DE
Course type:
Lecture
ECTS:
8.0
Course suitable for:
Bachelor
Language of instruction:
German
Credit hours 1:
2
Attendance:
Live & on-campus
Instructor(s):
Prof. Dr. Mark Makowsky
More information
1 Credit hours indicate the duration of a course which is offered weekly during one semester. One credit hour equals 45 minutes.
Sachenrecht ohne EBV (Lecture)
DE
Course type:
Lecture
ECTS:
10.0
Course suitable for:
Bachelor
Language of instruction:
German
Credit hours 1:
3
Attendance:
Live & on-campus
Instructor(s):
Prof. Dr. Friedemann Kainer
Date(s):
Monday  (weekly) 04.09.2023 – 04.12.2023 10:15 – 11:45 EO 145 Hörsaal (Bürgerhörsaal); Schloss Ehrenhof Ost
Tuesday  (weekly) 05.09.2023 – 05.12.2023 08:30 – 10:00 SN 163 Manfred Lautenschläger Hörsaal; Schloss Schneckenhof Nord
More information
1 Credit hours indicate the duration of a course which is offered weekly during one semester. One credit hour equals 45 minutes.
Steuerverfahrensrecht (Lecture)
DE
Course type:
Lecture
ECTS:
8.0
Course suitable for:
Bachelor
Language of instruction:
German
Credit hours 1:
2
Attendance:
Live & on-campus
Instructor(s):
Prof. Dr. Holger Jenzen
Date(s):
⚠ Friday  (weekly) 08.09.2023 – 08.12.2023 12:00 – 13:30 EO 165 Hörsaal; Schloss Ehrenhof Ost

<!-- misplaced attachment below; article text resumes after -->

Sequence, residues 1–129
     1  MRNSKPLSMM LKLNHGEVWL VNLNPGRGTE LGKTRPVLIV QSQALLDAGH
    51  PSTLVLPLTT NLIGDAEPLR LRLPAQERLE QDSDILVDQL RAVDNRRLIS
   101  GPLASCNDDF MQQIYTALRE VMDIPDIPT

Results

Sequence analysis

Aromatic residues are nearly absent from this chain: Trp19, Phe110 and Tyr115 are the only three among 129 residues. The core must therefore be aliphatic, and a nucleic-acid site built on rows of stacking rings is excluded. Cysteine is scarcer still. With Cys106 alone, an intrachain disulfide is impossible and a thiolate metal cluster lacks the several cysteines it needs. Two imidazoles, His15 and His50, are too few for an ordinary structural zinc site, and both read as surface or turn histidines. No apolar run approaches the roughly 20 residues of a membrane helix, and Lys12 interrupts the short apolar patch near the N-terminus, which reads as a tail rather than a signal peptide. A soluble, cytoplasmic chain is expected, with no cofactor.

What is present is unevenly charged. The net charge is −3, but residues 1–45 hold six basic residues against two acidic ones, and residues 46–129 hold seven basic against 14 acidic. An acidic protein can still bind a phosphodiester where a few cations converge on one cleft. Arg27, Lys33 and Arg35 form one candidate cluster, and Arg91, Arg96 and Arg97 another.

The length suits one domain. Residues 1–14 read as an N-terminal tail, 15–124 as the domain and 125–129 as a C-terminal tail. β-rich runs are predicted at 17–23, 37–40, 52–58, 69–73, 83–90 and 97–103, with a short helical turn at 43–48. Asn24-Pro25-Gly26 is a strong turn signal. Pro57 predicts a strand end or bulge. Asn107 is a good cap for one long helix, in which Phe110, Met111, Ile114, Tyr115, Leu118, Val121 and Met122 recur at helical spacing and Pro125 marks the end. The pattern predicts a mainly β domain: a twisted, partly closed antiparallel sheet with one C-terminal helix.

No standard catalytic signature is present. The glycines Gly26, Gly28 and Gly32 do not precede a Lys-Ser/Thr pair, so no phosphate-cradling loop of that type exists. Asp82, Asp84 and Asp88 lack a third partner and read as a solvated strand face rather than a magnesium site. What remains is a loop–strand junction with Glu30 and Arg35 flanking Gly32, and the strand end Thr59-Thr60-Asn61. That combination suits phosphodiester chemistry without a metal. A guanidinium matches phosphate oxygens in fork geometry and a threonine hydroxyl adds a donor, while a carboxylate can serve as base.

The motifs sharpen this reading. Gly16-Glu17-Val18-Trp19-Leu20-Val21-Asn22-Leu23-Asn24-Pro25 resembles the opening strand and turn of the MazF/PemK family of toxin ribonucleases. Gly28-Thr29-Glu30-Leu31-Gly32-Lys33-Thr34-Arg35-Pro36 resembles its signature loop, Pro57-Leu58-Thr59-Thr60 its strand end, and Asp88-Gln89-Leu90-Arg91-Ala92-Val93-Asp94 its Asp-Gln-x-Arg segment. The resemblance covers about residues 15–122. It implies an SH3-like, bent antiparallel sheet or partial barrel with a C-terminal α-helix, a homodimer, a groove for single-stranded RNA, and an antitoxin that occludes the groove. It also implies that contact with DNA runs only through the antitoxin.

Friday  (single date) 10.11.2023 12:00 – 15:15 M 003 PWC Hörsaal; Schloss Mittelbau
Thursday  (single date) 07.03.2024 12:00 – 13:30 W 017 Seminarraum; Schloss Westflügel
Wednesday  (single date) 20.03.2024 09:15 – 10:15 C 301 Seminarraum; B 6, 27–29 Bauteil C
Wednesday  (single date) 20.03.2024 10:15 – 15:15 C 301 Seminarraum; B 6, 27–29 Bauteil C
Caution: Individual dates in the series marked with have changed. Please check the portal for details.
More information
1 Credit hours indicate the duration of a course which is offered weekly during one semester. One credit hour equals 45 minutes.
Umsatzsteuerrecht (Lecture)
DE
Course type:
Lecture
ECTS:
8.0
Course suitable for:
Bachelor
Language of instruction:
German
Credit hours 1:
2
Attendance:
Live & on-campus
Instructor(s):
Dr. Manfred Muhler
Date(s):
Monday  (weekly) 04.09.2023 – 04.12.2023 08:30 – 10:00 EO 162 Seminarraum; Schloss Ehrenhof Ost
More information
1 Credit hours indicate the duration of a course which is offered weekly during one semester. One credit hour equals 45 minutes.
Urheberrecht (Lecture)
DE
Course type:
Lecture
ECTS:
6.0
Course suitable for:
Bachelor
Language of instruction:
German
Credit hours 1:
2
Attendance:
On-campus and online, live
Instructor(s):
Prof. Dr. Nadine Klass
Date(s):
Thursday  (weekly) 07.09.2023 – 07.12.2023 13:45 – 15:15 O 148 MVV Hörsaal; Schloss Ostflügel
Thursday  (single date) 14.09.2023 15:30 – 17:00 O 148 MVV Hörsaal; Schloss Ostflügel
Thursday  (single date) 05.10.2023 15:30 – 17:00 O 148 MVV Hörsaal; Schloss Ostflügel
Thursday  (single date) 19.10.2023 15:30 – 17:00 O 148 MVV Hörsaal; Schloss Ostflügel
Thursday  (single date) 11.01.2024 17:00 – 18:30 ZOOM-Lehre-084; Virtuelles Gebäude
More information
1 Credit hours indicate the duration of a course which is offered weekly during one semester. One credit hour equals 45 minutes.
Vertragsrecht BT (Lecture)
DE
Course type:
Lecture
ECTS:
8.0
Course suitable for: